Death in Spain

Today is the feast of St James, patron of Spain. Every loyal Spaniard will tell you that the apostle’s head is kept in a beautiful reliquary above the high altar of the cathedral at Santiago de Compostela. It is as certain as the fact that Spain is the land of lands, and intense though local patriotism always is, there are times when my tierra is identified with the whole country. Today that must surely be the case. The bagpipes which blare out the apostle’s triumph before the cathedral will be silent because Spain is mourning the loss of all those killed or injured in yesterday’s rail accident near Santiago.

Why does God allow such things? Why does he not intervene to save his children from such a terrible fate? That is a question asked in every generation, and the only answer that to me makes any sense at all is that it is the price we pay for free will. We are not pieces of clockwork, wound up, set running, and kept to pre-determined tracks. God respects our freedom, allows us to use or abuse it, to make mistakes. But that is only a partial answer. Ultimately, we do not know why God allows such tragedies. We must live with the pain of not knowing, of feeling loss. That is the price we pay for being human; and the only consolation is knowing that God has shared that being human and himself paid the price along with us.

Requiescant in pace. Amen.


8 thoughts on “Death in Spain”

  1. What would be the limit of such intervention, if God went down that path? What would be the limit of our laziness in response – ‘oops, oh well, the godslave will clear up the mess’? In a fallen world, God kneels by the fallen.

  2. It is a very heavy day for all of Spain and all those of us who have walked to Santiago de Compostela. Yes, I don’t understand, except that I ‘believe’ Godde is there in the station, in the wreckage, with the wounded, the dead, and the grieving, as She was in the tumbling towers on 9/11. Is this any comfort? To me, yes.

  3. Hearts and prayers go out to the people of Galicia, and all those affected by this tragedy. Yes, I believe God is there in human anguish that cannot find answers and therein is the heart of compassion for suffering, to abide.

  4. 15 years ago my best friend Christopher was converted to Catholicism he took the name of James. As a confirmation gift I took him and the Canon of St Georges Cathedral to San Diego.
    What a shock we all had when the Mons Canon was given the keys to the place of burial beneath the high altar. We had Mass there, just the 3 of us. It was a momentous occasion.
    I thought at the time that Jesus had a hand in it. Maybe I am a romantic.
    I shall never forget the beauty and sense of special occasion afforded to us.

  5. I’ve been asking myself exactly that question. Why does God allow such things?

    A Priest I knew, in the prime of his ministry was struck down with a major stroke and died on Monday after three days in a coma.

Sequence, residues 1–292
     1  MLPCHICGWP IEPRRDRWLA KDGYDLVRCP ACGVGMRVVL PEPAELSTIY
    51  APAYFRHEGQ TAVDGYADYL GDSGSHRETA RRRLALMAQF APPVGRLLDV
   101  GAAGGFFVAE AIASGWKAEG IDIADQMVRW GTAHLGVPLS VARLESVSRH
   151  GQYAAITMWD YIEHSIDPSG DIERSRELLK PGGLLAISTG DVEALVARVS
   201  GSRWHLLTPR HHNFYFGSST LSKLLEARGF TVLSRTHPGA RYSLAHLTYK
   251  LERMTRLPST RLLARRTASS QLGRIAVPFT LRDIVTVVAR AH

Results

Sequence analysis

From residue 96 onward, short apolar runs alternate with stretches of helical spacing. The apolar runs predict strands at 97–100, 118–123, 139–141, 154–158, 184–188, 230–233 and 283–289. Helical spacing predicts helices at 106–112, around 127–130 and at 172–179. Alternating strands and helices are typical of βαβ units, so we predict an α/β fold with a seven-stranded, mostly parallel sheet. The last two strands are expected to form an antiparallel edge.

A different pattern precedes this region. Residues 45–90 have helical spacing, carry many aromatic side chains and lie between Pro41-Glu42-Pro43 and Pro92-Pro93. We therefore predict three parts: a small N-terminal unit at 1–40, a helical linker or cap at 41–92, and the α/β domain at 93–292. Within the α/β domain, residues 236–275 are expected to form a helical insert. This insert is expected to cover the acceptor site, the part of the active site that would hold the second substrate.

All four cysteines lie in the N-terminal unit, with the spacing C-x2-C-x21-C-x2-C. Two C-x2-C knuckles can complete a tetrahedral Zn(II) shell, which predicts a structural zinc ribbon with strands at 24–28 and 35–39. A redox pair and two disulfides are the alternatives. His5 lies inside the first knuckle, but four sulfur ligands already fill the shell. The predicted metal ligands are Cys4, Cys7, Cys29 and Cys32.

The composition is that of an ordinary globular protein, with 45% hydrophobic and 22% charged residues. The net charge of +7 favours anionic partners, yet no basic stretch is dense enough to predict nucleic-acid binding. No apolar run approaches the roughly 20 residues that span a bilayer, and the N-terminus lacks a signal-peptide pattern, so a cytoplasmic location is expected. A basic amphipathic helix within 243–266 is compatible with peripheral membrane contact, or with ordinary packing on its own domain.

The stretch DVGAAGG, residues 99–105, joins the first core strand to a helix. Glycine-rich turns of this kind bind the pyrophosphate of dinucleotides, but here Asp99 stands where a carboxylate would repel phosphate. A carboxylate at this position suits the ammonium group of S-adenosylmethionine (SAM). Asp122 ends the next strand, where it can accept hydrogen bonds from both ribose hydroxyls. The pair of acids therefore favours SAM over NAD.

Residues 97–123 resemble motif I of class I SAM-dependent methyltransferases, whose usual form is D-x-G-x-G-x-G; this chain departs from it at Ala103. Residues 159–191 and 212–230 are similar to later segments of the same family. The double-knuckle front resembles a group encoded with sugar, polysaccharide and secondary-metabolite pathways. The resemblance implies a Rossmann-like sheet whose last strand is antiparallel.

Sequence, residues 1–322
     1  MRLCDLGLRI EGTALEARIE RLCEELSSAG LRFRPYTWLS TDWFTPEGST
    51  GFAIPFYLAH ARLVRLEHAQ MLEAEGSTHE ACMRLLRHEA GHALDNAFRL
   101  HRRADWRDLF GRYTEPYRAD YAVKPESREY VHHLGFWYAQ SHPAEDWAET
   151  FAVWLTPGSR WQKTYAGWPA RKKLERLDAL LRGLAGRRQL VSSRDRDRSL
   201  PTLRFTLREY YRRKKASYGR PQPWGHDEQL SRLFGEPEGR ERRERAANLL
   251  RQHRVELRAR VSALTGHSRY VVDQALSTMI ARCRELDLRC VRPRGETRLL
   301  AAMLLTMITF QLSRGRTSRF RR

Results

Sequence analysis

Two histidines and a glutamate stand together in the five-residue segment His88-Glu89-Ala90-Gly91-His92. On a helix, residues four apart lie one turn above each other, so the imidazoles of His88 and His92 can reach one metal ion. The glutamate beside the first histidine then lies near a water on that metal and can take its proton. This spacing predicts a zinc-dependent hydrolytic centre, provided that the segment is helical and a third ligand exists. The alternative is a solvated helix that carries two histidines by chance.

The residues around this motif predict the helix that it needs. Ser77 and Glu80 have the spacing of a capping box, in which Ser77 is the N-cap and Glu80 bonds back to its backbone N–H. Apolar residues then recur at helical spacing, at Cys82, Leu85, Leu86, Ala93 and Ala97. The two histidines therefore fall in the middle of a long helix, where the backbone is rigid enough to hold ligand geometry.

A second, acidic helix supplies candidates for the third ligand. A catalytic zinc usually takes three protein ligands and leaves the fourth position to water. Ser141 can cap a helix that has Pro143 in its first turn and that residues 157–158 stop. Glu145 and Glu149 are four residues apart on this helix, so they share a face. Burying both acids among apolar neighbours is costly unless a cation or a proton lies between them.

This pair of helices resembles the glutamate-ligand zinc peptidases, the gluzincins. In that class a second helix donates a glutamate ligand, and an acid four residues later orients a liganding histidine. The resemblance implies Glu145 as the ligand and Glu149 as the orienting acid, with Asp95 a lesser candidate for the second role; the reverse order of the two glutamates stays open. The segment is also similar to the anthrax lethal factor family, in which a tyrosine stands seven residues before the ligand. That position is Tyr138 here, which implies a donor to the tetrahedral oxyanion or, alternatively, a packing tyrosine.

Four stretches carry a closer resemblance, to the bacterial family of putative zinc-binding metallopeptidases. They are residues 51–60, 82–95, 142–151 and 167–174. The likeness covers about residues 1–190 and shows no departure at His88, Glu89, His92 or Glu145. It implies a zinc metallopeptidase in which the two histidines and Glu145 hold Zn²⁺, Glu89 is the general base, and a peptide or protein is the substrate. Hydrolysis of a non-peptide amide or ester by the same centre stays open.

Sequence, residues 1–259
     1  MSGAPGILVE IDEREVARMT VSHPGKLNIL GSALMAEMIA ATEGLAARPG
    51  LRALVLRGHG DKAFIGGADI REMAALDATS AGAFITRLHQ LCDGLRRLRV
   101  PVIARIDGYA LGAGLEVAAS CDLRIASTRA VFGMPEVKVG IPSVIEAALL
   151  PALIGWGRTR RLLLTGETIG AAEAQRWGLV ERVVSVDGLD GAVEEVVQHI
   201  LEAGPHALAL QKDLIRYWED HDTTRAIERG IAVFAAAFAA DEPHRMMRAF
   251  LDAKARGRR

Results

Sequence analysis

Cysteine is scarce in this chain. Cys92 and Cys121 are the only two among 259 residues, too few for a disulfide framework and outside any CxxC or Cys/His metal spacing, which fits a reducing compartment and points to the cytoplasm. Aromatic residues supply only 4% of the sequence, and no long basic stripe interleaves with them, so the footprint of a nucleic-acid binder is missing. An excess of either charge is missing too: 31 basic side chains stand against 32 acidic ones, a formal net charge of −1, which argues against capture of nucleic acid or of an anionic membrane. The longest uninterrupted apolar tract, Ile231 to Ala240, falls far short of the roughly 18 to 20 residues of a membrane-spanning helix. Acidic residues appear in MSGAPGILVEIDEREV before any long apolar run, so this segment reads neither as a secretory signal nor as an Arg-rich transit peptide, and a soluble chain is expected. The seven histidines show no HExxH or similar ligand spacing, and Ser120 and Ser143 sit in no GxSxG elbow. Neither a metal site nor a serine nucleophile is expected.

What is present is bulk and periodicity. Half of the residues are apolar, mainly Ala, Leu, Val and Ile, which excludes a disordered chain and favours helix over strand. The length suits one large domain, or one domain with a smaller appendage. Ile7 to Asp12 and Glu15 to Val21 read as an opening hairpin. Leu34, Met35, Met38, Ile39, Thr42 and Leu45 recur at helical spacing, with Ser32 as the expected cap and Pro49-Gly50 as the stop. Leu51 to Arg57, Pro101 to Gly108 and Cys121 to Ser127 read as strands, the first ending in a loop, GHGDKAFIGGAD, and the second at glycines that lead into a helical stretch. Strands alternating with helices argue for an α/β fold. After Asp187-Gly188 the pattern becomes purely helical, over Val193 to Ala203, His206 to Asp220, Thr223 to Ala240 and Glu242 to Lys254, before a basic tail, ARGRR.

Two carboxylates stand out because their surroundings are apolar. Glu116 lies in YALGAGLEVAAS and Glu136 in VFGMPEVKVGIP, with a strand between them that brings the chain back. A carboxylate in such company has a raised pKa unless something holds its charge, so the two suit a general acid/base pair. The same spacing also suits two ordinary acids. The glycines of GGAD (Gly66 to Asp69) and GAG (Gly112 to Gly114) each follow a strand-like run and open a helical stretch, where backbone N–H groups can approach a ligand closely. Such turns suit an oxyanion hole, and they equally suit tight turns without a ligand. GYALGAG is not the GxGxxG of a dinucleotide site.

He leaves a devastated spouse, children, grand children and a congregation shattered and in disbelief that this could be the will of God?

    He had just returned from Sabbatical and was renewed, refreshed and invigorated. He preached strongly last week on renewing the spiritual life of the Church and congregation and his words still echo in my mind.

    I was in shock yesterday when I heard the news and I’m still questioning WHY LORD? Because I still can’t see any way that this was a good thing. I wrote about it here.

  6. Thank you for your comments. As Pete says, God kneels by the fallen. He shares our pain. As a man, Christ shared our bafflement and sense of abandonment (My God, my God, why hast thou forsaken me?) The fact that we don’t have answers to all questions is part of our limitation as human beings. No, we don’t always understand the mind of God; we don”t always see the whole picture. If we are free, then so is God β€” supremely. But in the exercise of freedom faith and trust also play a part. The death of a child, of a friend, of someone we love, will always have us questioning and crying out for understanding. A faith that has no demands made on it, a trust that is never put to the test, is hardly either. One day I believe we shall understand, but not now.

  7. My mom had told me why things are happening. Some people blame God for it but it is not His fault. Sin causes the consequences.

    I saw the online of the train wreck in Spain. How awful! May God and Blessed Virgin Mary carry them to heaven. πŸ™

  8. The words which have always helped me see the big picture are St Paul’s in Romans 8:18-23. The tragic way things are, is joined by God to our full restoration as His sons.

    In Jesus we glimpse what such a “revealing of the sons of God” will look like, except it will be a “greater work” because He will be bringing His whole Bride to such a blessed state. And we see other glimpses in the spiritual gifts of great saints.

    I heard this testimony involving Padre Pio. Two men on pilgrimage to his monastery found the lane they were walking down suddenly filled with caterpillars, all squirming along in the opposite direction. They got past them and arrived. They heard that the local farmers had suffered a plague of caterpillars in their almond orchards which was wiping out their livelihoods. They came to Padre Pio. He came out on a balcony, made the sign of the Cross, and stepped back inside. Those two pilgrims saw the miraculous result – the perfect authority of a son of God over creation, as God intended from the first.

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